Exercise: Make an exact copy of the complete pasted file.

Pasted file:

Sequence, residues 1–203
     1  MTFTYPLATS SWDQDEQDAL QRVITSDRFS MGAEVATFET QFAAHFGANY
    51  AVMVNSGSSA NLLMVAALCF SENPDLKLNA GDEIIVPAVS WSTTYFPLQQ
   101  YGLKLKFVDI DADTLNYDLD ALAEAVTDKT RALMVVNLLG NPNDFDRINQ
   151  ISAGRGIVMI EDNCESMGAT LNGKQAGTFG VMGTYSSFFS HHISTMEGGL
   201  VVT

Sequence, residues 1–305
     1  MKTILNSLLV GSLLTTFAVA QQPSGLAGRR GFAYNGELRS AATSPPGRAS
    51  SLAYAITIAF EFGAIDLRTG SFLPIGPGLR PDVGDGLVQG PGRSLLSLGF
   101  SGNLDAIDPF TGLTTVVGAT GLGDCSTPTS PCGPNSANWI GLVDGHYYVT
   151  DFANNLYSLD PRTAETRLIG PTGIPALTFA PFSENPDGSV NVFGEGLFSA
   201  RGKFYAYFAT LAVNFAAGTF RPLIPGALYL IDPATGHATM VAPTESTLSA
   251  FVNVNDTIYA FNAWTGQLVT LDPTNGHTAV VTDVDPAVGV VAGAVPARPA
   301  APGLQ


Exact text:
Sequence, residues 1–203
     1  MTFTYPLATS SWDQDEQDAL QRVITSDRFS MGAEVATFET QFAAHFGANY
    51  AVMVNSGSSA NLLMVAALCF SENPDLKLNA GDEIIVPAVS WSTTYFPLQQ
   101  YGLKLKFVDI DADTLNYDLD ALAEAVTDKT RALMVVNLLG NPNDFDRINQ
   151  ISAGRGIVMI EDNCESMGAT LNGKQAGTFG VMGTYSSFFS HHISTMEGGL
   201  VVT

Sequence, residues 1–305
     1  MKTILNSLLV GSLLTTFAVA QQPSGLAGRR GFAYNGELRS AATSPPGRAS
    51  SLAYAITIAF EFGAIDLRTG SFLPIGPGLR PDVGDGLVQG PGRSLLSLGF
   101  SGNLDAIDPF TGLTTVVGAT GLGDCSTPTS PCGPNSANWI GLVDGHYYVT
   151  DFANNLYSLD PRTAETRLIG PTGIPALTFA PFSENPDGSV NVFGEGLFSA
   201  RGKFYAYFAT LAVNFAAGTF RPLIPGALYL IDPATGHATM VAPTESTLSA
   251  FVNVNDTIYA FNAWTGQLVT LDPTNGHTAV VTDVDPAVGV VAGAVPARPA
   301  APGLQ